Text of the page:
By Jeff VanderMeer
Special to The Washington Post
Wednesday, May 20, 2009
By Chuck Palahniuk
Doubleday. 241 pp. $24.95
Sloppy yet smart, Chuck Palahniuk's "Pygmy" veers from sublimely ridiculous to just plain ridiculous, sometimes within a single paragraph.
An infiltrating agent from a nameless authoritarian country, Pygmy poses as a high school exchange student and joins the Midwestern family of Donald Cedar. "Host father," as Pygmy calls him, works for the Radiological Institute of Medicine and has access to biotoxins. Pygmy and his fellow undersize operatives hope to unleash a biochemical Operation Havoc on an unsuspecting United States.
Much of the novel's demented comedy derives from Pygmy's clipped syntax, as when he asks an aging Wal-Mart greeter: "Revered soon dying mother, distribute you ammunitions correct for Croatia-made forty-five-caliber, long-piston-stroke APS assault rifle?" It's a very funny line, but I can't figure out what it has to do with running a covert biochemical operation. Brutal flashbacks to Pygmy's rigid indoctrination also sit uneasily next to sections of broad farce that, one could argue, consist mainly of extended vibrator-based monologues. Even worse, just about every adult in the novel acts like an idiot to advance the plot, from the boob of a host father to the priest who (quelle surprise!) sleeps with underage girls. Throughout, Palahniuk displays such a lust for profane jokes that he's willing to sacrifice logic for them.
That's a shame, because Palahniuk is brilliant at juxtaposing Pygmy's insane background with the madness of contemporary Western society. From school dances to gym dodge ball, the novel mercilessly, sometimes with rote, joyless precision, takes the reader through the gamut of high school life while Pygmy works on activating Operation Havoc. Pleasures along the way include a model U.N. summit staged by the students that features some of the author's finest satire, with observations like this: "Operative Chernok as delegate Italy sucking the earlobe of lady delegate Venezuela" and an unforgettable pledge by Pygmy to "make available own cherished American children, ship overseas as lifelong chattel slaves, gesture shown of goodwill." Still, it's another great scene sacrificed to the novelist's lack of discipline. A climax at the national science fair seems right out of a made-for-TV movie and rushes to a sentimental ending Pygmy doesn't truly deserve; this is, after all, an agent who brutally raped a boy who bullied him.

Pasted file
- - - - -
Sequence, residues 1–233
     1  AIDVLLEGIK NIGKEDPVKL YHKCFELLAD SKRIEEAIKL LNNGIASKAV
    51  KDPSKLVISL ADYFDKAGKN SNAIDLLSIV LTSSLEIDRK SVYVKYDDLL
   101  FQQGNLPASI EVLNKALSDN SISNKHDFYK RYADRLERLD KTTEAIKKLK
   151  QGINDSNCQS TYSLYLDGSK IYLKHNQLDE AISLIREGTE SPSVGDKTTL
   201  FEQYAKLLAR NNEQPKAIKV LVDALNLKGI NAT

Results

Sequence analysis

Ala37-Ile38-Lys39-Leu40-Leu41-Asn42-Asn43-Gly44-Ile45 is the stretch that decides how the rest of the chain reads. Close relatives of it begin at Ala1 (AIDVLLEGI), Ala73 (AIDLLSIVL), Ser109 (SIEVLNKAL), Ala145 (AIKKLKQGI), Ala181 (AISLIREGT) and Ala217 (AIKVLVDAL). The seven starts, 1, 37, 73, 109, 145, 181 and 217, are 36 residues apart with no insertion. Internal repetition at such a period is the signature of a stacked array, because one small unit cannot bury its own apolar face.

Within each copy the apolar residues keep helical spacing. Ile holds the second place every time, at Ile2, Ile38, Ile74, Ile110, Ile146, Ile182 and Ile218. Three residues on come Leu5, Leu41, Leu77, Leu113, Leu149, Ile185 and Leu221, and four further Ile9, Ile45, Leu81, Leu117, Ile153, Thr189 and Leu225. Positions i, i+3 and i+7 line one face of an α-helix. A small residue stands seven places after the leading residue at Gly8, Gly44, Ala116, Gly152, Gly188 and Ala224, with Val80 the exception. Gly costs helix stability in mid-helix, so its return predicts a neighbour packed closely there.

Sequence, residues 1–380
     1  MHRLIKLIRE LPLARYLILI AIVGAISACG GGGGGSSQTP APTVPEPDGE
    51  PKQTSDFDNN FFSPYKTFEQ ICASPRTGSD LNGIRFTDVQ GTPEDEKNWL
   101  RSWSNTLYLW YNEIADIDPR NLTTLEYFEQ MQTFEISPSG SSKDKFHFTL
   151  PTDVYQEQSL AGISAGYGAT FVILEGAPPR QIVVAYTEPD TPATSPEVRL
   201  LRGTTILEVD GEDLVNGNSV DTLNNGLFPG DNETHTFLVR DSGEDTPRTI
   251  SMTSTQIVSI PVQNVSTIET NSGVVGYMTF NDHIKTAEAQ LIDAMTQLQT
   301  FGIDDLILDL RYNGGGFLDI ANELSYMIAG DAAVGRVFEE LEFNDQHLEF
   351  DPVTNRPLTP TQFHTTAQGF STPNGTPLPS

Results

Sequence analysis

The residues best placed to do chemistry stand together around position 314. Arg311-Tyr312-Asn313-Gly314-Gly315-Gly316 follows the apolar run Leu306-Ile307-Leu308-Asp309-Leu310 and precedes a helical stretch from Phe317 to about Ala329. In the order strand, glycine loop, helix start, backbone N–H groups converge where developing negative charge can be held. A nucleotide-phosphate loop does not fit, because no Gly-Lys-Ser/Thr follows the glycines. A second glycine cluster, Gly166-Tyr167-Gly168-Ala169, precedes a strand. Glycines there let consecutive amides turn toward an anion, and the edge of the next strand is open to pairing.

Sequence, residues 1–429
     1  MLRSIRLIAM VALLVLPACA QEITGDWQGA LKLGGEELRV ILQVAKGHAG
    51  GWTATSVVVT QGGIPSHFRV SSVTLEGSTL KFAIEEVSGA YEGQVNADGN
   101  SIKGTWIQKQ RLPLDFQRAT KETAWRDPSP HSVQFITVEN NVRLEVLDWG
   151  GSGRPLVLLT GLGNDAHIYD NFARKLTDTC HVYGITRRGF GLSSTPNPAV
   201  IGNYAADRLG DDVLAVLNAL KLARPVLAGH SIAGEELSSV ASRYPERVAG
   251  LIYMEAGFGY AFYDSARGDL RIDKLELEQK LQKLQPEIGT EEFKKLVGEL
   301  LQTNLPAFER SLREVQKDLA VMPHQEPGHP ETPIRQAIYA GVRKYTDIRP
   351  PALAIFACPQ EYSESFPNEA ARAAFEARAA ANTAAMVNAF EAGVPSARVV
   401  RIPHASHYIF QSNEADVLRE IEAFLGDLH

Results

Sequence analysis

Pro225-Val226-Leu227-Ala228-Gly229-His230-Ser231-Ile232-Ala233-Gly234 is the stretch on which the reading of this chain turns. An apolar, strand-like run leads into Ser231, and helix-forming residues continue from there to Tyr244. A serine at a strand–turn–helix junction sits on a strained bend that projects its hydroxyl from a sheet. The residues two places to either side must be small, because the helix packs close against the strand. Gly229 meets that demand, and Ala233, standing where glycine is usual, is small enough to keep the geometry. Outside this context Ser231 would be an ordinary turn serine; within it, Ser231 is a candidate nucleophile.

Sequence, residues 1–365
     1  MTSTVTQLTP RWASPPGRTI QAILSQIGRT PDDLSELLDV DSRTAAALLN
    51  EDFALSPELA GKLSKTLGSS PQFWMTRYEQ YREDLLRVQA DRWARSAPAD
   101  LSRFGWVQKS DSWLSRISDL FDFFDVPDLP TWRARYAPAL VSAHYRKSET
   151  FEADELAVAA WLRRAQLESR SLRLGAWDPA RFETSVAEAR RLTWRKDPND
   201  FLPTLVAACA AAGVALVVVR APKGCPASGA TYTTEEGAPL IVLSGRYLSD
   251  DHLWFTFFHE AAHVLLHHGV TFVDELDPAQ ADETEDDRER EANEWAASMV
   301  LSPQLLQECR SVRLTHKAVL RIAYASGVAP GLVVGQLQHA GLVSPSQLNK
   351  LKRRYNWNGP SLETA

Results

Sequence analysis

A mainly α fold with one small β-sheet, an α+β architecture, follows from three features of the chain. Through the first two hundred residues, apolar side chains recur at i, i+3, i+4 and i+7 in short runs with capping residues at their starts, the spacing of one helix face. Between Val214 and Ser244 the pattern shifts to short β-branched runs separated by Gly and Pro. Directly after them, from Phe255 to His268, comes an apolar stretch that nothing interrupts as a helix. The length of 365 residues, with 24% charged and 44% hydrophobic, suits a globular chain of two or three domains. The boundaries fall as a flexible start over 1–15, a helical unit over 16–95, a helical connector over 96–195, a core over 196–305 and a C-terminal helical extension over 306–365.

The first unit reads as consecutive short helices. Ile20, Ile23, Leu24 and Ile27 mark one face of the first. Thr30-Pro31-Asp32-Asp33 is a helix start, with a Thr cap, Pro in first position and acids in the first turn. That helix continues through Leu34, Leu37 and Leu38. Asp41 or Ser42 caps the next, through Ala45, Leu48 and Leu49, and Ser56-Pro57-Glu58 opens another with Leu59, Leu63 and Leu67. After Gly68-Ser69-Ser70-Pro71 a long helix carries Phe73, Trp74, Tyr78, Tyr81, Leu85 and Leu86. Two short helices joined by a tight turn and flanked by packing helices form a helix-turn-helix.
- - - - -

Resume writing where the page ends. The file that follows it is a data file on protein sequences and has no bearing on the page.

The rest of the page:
Maybe Palahniuk isn't capable of doing more with Pygmy's great voice than using it to strike a series of grotesquely comic poses, or maybe I'm just partially immune to the pleasures of a novel that features a thousand slang terms for "breasts." Either way, "Pygmy" could've done with fewer vibrator jokes and more ripping out of jugulars.
VanderMeer's novel "Finch" and nonfiction "Booklife" will be published this fall.